The Florida Supreme Court heard a compelling argument this week that a thinly veiled attempt to use the Florida Constitution to protect the electric monopolies misleads voters into thinking it is something entirely different. The wording of this solar energy measure financed by the utilities is deceptive, and the justices should not allow it to go on the fall ballot. The amendment is an attempt to block the private market for solar in Florida — not to expand consumer choice — and voters should not be confronted with this sneak attack.
The misnamed Consumers for Smart Solar, a special interest group financed by the regulated utilities, is behind a constitutional amendment its supporters say promotes "a sensible, fair and safe expansion of solar energy" in Florida. The measure does no such thing. It merely cements into the Constitution the antimarket restrictions that already exist in state law and keeps the market for solar effectively closed, too expensive for the general public.
The issue before the court is a narrow one: Does the proposed amendment deal with a single subject, and is the summary that would appear on the ballot clear enough for voters to make an informed decision? By lumping energy, regulatory and tax policy into a single question, the ballot summary stretches the limit of the single-subject test. The real problem, though, is the measure is grossly misleading, implying it would give Floridians more rights and control over solar than what exists now.
The amendment mentions consumer "rights" and solar "choice," but it doesn't expand either. It merely would enshrine into the Constitution the rights and regulations affecting solar that already exist in state law. Rather than expanding choice for consumers, the measure does the opposite. Giving the electric monopolies the additional constitutional protection for their outdated business models would put Florida even further behind in the use of renewable energies. That's why the industry has spent nearly $7 million on the measure, which came about in reaction to a ballot proposal conceived by environmentalists that would have truly brought competition to the solar market. That competing effort failed to get enough signatures for 2016 and is scheduled to come back in 2018.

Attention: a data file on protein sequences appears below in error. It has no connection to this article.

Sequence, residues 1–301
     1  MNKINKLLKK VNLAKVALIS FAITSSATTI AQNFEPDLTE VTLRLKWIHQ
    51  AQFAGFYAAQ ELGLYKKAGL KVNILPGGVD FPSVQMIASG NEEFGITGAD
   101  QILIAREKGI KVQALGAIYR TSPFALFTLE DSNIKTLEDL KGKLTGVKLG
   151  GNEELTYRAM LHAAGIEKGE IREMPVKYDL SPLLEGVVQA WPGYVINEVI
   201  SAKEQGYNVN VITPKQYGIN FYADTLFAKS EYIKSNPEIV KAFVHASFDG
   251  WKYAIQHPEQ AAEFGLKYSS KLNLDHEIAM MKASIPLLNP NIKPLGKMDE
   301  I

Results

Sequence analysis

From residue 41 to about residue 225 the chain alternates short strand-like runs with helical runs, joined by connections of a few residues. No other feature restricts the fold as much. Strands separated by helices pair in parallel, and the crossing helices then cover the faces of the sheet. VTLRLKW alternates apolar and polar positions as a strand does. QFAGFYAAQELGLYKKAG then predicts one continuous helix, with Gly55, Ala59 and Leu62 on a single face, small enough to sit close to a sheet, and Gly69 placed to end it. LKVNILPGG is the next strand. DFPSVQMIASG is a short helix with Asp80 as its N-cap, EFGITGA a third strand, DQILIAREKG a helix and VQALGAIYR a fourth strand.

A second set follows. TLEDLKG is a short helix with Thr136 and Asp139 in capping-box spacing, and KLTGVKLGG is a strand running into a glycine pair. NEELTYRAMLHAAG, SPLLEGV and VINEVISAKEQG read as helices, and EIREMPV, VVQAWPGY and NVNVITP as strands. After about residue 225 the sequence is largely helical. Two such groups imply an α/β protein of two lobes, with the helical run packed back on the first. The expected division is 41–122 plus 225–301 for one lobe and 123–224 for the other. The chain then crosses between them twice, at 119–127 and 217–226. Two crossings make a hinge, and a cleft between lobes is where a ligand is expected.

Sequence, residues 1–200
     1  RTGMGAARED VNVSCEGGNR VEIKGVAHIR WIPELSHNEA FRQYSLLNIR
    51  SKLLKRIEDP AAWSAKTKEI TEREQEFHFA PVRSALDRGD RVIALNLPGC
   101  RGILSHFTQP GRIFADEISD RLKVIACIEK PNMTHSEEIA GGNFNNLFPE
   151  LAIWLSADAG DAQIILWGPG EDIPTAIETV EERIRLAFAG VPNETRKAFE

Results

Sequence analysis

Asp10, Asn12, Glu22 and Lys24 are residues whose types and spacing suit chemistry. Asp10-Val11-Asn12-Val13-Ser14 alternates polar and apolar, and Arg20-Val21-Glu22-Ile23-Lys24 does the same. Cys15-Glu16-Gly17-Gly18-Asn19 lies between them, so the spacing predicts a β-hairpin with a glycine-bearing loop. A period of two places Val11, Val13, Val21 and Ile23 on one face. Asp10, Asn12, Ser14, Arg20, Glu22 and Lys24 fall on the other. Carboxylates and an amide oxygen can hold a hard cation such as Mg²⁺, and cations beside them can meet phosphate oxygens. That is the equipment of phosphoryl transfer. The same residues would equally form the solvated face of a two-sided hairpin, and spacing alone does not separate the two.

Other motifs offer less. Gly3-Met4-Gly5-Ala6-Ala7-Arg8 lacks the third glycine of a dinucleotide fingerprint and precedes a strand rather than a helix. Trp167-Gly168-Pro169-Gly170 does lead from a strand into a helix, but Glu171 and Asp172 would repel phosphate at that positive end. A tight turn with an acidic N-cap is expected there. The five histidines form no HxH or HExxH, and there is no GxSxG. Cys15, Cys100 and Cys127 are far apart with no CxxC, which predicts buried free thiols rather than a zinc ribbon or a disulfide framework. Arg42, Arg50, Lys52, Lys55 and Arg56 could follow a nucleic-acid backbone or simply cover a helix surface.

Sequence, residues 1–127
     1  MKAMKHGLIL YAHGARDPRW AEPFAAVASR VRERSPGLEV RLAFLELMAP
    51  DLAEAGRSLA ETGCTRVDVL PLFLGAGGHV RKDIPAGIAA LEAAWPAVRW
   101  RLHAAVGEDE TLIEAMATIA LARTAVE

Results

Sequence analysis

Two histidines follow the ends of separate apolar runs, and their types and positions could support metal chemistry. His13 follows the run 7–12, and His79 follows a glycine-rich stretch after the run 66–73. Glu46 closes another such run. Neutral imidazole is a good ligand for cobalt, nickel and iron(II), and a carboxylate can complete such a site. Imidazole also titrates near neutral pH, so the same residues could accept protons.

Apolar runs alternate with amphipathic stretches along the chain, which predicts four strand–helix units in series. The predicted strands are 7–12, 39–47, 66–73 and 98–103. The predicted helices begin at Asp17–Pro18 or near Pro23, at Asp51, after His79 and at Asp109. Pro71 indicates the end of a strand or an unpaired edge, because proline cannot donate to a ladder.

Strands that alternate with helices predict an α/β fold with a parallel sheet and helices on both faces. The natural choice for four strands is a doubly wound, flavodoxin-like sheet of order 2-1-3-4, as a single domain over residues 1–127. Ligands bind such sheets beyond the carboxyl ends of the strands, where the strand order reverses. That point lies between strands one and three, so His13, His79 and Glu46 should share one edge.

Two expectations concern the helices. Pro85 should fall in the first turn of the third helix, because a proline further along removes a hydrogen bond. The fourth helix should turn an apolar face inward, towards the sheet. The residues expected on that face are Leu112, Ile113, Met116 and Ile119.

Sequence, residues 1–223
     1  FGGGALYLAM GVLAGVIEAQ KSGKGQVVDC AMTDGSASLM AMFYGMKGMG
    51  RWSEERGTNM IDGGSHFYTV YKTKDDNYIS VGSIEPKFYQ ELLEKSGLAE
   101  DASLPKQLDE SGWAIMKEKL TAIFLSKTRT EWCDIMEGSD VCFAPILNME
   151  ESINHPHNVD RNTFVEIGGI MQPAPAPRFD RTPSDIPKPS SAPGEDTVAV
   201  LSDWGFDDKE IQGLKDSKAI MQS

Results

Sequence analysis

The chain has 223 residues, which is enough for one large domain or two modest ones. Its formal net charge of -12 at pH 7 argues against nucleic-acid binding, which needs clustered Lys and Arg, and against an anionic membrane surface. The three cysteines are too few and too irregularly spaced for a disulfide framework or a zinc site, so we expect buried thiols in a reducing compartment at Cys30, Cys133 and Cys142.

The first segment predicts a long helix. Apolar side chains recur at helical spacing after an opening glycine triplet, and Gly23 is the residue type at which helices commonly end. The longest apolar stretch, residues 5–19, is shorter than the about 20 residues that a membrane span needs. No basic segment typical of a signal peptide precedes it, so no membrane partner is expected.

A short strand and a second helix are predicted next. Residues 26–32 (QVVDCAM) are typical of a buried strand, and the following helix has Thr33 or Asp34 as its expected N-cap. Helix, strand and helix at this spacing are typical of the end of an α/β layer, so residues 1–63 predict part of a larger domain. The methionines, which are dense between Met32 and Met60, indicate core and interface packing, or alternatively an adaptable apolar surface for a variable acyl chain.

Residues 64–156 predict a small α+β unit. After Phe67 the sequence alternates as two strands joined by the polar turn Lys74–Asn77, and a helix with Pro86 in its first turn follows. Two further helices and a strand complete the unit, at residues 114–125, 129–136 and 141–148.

In briefs to the court, the power companies have fumbled in trying to explain exactly what their proposal would and would not do. But they concede that the measure enshrines "no policy of any kind," adding that "no action is required by any state or local regulatory authority." So how does establishing a right and a regulatory framework for solar that already exists move the ball at all? This is varnish disguised as paint. So manufactured is the amendment that a state-required analysis found the measure "will not require any change in current or anticipated state and local regulation or taxation of solar energy in Florida."
The merits of the amendment and the implications of putting energy policy under the state Constitution are not before the court. Those are issues for the voters to decide. The justices, though, have an obligation to ensure that any amendment put to the electorate is factual, fair and instructive enough for voters to make an informed decision. This proposal fails that test.